“A totally new angle in tissue engineering”
Caption: This image shows the shapes made of living tissue made by the researchers. By patterning mechanically active mouse or human cells to thin layers of extracellular fibers, the researchers could create bowls, coils, and ripple shapes. Credit: Alex Hughes
By manipulating combinations of living cells within extracellular matrices of proteins and other components, former JCC Fellow Alex Hughes (2015-2018) and his colleagues created different shapes of living tissue. The method is quite different from other types of tissue engineering, which use a top down approach to design, says Hughes, who completed his postdoctoral fellowship at UCSF with Zev Gartner.
“This new philosophy suggests that building replacement tissue needs to follow developmental principals, from blueprints that we can control using engineering tools,” he says, explaining that previous work used a fixed scaffold and coaxed cells to grow in that predetermined shape. “We propose that tissue engineers harness developmental principals rather than try to override natural principals that cells use.”
This study, published in Developmental Cell, focused on how cells communicate mechanically during embryonic developmental processes. When Hughes placed clusters of mouse embryo cells in an extracellular matrix, he found that cells pulled on the matrix, altering its shape. Changing the pattern of the cell clusters changed the types of shapes produced. In this way, Hughes created bowls, coils, and ripples of living tissue.
“We were shocked, initially,” says Hughes. He didn’t expect individual cells to generate force to change the structure’s shape. “But we saw radical folding events from just a few cells.” Imagine, he explains, a group of people with their arms linked. Flexing your arm could make you fold in on your neighbor and change the shape of the group slightly. But if everyone pulls in at the same time, the entire group would contract quickly.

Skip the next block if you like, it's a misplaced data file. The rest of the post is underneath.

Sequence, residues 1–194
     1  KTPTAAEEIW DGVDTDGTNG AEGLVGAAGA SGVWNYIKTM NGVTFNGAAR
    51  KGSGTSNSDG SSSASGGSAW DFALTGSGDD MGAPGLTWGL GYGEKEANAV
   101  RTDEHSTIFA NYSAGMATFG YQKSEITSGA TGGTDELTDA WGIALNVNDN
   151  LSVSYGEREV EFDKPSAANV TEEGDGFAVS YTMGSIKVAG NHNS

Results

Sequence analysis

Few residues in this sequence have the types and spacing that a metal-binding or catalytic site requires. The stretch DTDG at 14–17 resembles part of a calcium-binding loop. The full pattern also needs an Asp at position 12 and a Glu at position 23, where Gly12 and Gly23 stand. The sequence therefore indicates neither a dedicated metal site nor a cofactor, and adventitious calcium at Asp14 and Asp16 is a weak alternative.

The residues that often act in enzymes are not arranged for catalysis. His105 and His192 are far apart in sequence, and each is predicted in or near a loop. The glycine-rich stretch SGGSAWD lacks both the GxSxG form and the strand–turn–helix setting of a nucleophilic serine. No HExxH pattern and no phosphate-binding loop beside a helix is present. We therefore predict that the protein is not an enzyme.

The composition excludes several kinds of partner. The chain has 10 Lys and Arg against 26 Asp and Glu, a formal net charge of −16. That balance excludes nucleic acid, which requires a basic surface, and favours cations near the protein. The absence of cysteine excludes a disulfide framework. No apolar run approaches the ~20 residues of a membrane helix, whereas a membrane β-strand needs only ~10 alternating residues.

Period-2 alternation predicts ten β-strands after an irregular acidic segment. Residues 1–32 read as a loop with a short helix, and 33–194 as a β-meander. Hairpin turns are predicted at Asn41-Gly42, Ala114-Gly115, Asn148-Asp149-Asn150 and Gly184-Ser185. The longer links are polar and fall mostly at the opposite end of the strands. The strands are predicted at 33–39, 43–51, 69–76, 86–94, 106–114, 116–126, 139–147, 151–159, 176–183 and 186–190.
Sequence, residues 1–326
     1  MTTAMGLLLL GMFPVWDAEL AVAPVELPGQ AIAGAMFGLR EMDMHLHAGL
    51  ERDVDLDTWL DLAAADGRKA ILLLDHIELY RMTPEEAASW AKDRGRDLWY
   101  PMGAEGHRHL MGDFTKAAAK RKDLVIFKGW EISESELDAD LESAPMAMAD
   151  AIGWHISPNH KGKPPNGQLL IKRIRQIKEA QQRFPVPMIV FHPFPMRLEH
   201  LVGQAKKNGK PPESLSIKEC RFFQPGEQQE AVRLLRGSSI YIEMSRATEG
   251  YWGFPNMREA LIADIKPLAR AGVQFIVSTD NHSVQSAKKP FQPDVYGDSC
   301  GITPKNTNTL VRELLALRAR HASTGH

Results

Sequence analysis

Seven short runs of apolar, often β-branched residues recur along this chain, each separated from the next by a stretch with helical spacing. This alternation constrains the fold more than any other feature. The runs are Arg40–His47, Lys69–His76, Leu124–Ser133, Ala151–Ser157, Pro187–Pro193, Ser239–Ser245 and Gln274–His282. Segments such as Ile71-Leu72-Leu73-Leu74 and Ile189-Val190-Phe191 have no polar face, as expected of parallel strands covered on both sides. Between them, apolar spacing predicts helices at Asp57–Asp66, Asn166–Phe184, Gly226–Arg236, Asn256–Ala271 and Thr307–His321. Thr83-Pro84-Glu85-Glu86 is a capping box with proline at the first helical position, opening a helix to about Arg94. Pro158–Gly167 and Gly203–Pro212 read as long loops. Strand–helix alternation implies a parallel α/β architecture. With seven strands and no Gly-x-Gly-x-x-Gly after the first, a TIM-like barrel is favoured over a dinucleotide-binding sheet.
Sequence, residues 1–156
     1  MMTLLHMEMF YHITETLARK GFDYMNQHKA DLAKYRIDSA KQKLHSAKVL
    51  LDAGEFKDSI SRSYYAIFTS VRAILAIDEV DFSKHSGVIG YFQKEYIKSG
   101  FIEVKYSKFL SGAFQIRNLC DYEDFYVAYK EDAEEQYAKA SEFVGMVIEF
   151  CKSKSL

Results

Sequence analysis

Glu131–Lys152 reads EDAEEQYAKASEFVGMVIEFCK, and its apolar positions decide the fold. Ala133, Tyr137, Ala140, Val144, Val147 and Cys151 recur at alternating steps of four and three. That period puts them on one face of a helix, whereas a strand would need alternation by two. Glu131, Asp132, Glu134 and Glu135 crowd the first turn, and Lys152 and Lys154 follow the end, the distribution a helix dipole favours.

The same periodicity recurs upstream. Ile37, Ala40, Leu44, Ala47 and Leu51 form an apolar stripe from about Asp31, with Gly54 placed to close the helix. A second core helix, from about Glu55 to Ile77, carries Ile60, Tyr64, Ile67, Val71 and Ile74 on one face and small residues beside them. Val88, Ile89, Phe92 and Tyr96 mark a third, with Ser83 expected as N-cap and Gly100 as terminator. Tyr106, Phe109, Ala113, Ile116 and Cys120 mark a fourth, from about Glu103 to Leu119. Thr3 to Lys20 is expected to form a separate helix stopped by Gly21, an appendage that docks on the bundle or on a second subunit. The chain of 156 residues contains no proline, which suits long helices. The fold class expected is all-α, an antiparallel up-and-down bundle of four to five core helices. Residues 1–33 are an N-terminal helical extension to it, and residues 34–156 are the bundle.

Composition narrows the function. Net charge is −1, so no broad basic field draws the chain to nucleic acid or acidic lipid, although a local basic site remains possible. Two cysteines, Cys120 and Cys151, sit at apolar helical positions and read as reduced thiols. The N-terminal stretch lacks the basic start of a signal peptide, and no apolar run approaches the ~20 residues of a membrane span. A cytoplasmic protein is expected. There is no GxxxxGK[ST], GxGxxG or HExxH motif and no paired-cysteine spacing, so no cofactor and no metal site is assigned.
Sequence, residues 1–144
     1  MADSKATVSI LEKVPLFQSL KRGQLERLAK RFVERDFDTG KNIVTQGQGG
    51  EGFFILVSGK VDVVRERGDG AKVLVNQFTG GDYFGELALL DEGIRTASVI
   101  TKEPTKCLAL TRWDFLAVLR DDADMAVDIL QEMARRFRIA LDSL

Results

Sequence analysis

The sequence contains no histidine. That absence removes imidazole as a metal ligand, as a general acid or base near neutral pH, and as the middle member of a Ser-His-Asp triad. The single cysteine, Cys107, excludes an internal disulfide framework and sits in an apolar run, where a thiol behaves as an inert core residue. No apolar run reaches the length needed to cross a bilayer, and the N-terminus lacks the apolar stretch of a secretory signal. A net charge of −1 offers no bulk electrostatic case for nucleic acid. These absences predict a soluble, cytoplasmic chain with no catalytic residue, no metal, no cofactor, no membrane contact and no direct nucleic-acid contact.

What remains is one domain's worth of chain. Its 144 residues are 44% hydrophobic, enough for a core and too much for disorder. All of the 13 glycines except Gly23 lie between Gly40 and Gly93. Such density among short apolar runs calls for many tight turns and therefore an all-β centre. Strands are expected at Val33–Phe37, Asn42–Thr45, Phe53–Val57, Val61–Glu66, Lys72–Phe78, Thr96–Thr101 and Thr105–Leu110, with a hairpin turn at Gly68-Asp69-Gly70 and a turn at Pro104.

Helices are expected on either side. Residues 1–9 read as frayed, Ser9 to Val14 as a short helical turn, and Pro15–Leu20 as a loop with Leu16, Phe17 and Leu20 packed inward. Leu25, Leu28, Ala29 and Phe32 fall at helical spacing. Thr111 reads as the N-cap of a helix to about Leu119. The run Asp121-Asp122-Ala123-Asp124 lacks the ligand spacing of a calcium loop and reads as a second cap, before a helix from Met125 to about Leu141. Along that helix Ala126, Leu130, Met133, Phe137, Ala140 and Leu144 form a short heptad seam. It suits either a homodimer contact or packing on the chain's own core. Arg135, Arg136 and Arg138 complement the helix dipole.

“We’re beginning to see that it’s possible to break down natural developmental processes into engineering principles that we can then repurpose to build and understand tissues,” Hughes says. “It’s a totally new angle in tissue engineering.”
Hughes recently left his postdoc to begin an assistant professorship at Penn, where he studies “how cells conspire to create complex structures, so that we can build models of human disease, reconstituted tissues for regenerative medicine, and new types of biological machines.”
He credits his JCC fellowship for allowing him freedom and autonomy to pursue interdisciplinary research — and connecting him with top scientists in fields relevant to his work. “Science is about people, and JCC is critical for connecting people,” he says.